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  • Writer's pictureIlana Davis

2020 Graduates Face Uncertainty with Hope

Updated: Feb 15, 2023

Fear, regret, and a glimmer of hope: What does life look like for 2020 graduates? (Article for News Writing Course, GWU, 2020)

WASHINGTON D.C. - Unemployment due to COVID-19 has reached an all-time high; with this comes a loss of control for one’s own life and resulting anxiety. Two young adults from the class of 2020 navigate post-graduate life amidst a pandemic as it relates to their own futures.

“For a while I was oscillating between feelings of failure for being unemployed and feelings of gratitude for graduating early and avoiding spending a year’s worth of tuition on online classes,” Rohan Kandeshwarath said. “I’ve reached an equilibrium, however. All I can do is keep applying for jobs and work towards graduate school. Those are the only two things in my control so I only focus on my progress there.”

Kandeshwarath graduated from The George Washington University in May 2020, and has been living with his family at their Massachusetts home ever since.

Like many of his peers who are facing an unemployment rate fluctuating between 20 percent at its highest in May and 6.7 percent at its lowest, the fear comes from not knowing when a job opportunity might arise. Kandeshwarath recalls how this “uncertainty” has caused him to pass on interviews because some positions are only possible “in the short run.”

Kandeshwarath dedicates each week to sending out at least two applications, spending the rest of his days studying for the Winter LSAT exam. In the back of his mind are the many financial burdens that will result from this period of time.

“I worry about the debt that I will have to take on. The plan was to work for a few years and save for law school... because of the virus, that is less feasible,” Kandeshwarath said. “Eventually I’ll probably get a job, but the time I’ve spent jobless will affect my ability to save negatively. There’s then a lot of pressure to get top marks on the LSAT and earn scholarship money to offset tuition.”

Money is one of the greatest motivators for recent graduates looking to embark on financial independence. However, the negative effects of the pandemic on the economy have become an added burden for the class of 2020.

The Trump Administration signed a law on Mar. 12, 2020 temporarily freezing student loan payments for this very reason. The law was set to expire on Sept. 30 2020, but an Executive Order by the Department of Education extended the suspension of loan payments until the end of the year.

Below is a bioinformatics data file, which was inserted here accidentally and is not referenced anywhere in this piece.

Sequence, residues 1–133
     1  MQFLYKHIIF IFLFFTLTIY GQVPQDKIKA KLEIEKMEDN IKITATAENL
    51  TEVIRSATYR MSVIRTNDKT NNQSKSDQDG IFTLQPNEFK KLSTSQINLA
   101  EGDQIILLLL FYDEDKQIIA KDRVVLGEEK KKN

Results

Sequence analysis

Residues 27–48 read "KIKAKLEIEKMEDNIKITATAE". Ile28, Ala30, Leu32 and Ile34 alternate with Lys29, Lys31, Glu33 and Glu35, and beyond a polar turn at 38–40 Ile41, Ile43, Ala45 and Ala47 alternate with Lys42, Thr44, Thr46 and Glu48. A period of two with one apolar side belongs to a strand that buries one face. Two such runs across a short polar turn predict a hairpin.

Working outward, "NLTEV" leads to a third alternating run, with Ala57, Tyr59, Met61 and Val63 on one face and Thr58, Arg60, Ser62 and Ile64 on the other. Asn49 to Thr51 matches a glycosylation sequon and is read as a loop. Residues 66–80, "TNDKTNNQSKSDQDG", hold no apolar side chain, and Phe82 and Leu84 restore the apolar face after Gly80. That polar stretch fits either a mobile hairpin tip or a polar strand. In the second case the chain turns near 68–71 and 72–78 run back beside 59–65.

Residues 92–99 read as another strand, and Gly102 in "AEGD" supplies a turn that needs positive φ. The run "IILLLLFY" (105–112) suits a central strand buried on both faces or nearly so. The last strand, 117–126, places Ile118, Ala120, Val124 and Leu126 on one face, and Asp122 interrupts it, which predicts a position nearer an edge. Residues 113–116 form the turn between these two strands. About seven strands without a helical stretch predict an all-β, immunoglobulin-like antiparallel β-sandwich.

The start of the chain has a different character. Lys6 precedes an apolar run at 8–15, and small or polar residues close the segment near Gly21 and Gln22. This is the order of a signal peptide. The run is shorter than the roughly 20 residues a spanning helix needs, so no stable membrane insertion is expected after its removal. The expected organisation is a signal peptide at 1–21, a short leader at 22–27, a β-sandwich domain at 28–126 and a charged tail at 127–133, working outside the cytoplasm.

According to CNBC, entry-level jobs now pay “an average of $54,585”, almost $5,000 less than the year prior. For post-graduates looking to move away from home, these numbers can make it that much harder to gain financial security in the future.

Since graduating from The George Washington University in May 2020, Lena Geller moved out of her parents’ home and has taken on multiple jobs to supplement the costs.

“I worked jobs before the pandemic started, but I was never in a place where I was expected to take care of myself financially, or pay for living,” Geller said. “Now I am doing that, and because I’ve never known anything else, it seems normal to me that I have three jobs right now.”

Geller is renting an apartment for $650 per month in her hometown of Durham, North Carolina, sharing the space with three other people she’s just met. Though, she spends most of her time away from her home working long shifts as a server at local restaurant Pompieri Pizza and as a private chef.

“My work forces me to be somewhere else and not on a screen, which is nice, but it also means I can't multitask and work on my resume or apply to jobs, which I took for granted when I was in school,” Geller said.

Most recently, Geller was hired as a social media manager for Durham-based restaurants. As a journalism major, she hopes that this role will allow her to focus more on her career and future.

“I got there just by working at Pompieri Pizza and offering to take pictures of food for them, and offering social media tips,” Geller said. “Now I have this position that is correlated with what I want to do, and it's at the intersection of food and journalism... So it's ideal.”

Kandeshwarath and Geller represent two of nearly two million students that have graduated in 2020 into an unprecedented pandemic. Declining opportunities and an unstable job market have led to many rethinking potential future plans, but also to embrace the uncertainty that comes after college.

“Whether I get a job or not has less to do with me and more to do with an economy that has suffered it’s greatest shock since the Great Depression,” Kandeshwarath said. “As long as I don’t give up, I feel like things will turn around.”

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